To the court interpreters, the government’s frequently iterated claims to be “making work pay” are nothing less than risible. “Before, if you were a capable interpreter and prepared to work no matter what plans you had for the evening or what time of night it was, you could earn a good living,” Bob told me. “That dramatically changed in February 2012, because suddenly there was no court work for interpreters unless they were prepared to work for this cowboy outfit at grossly underpaid rates and with no compensation for travel time and fares. Over 2,000 nationally registered, recognised and experienced interpreters have been thrown on the scrapheap by the stroke of a pen.” Many interpreters also accepted night-time and weekend work for the police in addition to their court work, however a combination of police cuts and the proliferation of interpreters desperate for work meant that this has dried to a trickle.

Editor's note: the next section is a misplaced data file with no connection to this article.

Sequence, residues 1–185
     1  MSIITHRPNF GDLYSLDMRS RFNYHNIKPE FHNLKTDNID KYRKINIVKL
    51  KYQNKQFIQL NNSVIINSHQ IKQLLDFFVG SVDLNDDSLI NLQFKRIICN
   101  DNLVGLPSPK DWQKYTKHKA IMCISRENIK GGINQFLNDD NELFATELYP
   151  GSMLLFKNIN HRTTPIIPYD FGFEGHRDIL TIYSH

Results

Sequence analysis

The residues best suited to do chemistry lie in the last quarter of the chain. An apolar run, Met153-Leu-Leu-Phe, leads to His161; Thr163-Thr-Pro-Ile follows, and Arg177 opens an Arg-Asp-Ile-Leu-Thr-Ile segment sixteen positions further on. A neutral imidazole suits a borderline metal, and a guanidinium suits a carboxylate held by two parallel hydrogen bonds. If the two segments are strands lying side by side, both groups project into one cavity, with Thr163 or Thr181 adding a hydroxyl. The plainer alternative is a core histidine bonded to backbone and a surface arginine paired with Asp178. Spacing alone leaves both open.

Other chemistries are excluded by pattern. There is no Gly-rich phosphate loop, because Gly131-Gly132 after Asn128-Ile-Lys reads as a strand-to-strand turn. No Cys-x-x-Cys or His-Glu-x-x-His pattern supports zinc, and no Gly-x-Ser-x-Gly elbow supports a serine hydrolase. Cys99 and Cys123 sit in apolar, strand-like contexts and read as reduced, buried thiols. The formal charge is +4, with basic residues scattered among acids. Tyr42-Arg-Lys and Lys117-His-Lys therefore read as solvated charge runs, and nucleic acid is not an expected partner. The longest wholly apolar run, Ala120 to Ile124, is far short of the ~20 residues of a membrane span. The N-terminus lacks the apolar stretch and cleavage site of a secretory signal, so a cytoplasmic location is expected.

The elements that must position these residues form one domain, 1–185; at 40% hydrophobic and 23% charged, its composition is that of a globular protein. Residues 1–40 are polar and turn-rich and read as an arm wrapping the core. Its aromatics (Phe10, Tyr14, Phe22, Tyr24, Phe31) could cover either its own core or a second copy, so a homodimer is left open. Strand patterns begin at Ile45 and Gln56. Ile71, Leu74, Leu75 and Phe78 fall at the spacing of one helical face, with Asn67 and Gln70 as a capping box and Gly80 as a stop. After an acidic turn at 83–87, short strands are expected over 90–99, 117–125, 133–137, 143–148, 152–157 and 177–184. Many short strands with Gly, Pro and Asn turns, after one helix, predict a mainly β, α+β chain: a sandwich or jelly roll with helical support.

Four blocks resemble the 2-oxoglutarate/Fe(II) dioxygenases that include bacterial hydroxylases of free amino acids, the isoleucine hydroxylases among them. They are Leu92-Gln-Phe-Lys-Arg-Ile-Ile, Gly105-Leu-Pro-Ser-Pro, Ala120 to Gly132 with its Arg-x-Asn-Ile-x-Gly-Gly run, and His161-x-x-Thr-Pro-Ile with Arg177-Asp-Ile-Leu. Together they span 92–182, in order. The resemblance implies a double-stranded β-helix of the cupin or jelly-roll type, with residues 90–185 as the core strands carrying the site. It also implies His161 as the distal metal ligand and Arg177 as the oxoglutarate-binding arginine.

Prior to February 2012 interpreters would be paid a flat rate of £85 for a court hearing, plus £15 an hour for travel time and reimbursement of the travel fare. When Capita took over they slashed the rates to £16-22 an hour with no payment for travelling or waiting time. Bob described what this means in practice for interpreters. “For example, they might phone up and say, ‘We have a job for an Italian interpreter in central London. There will be about three hours work there.’ There might be, or there might not be, but it will take you an hour to get there from the suburbs, it will cost you £6 to get there and back, and when you get there you might only have an hour’s work.”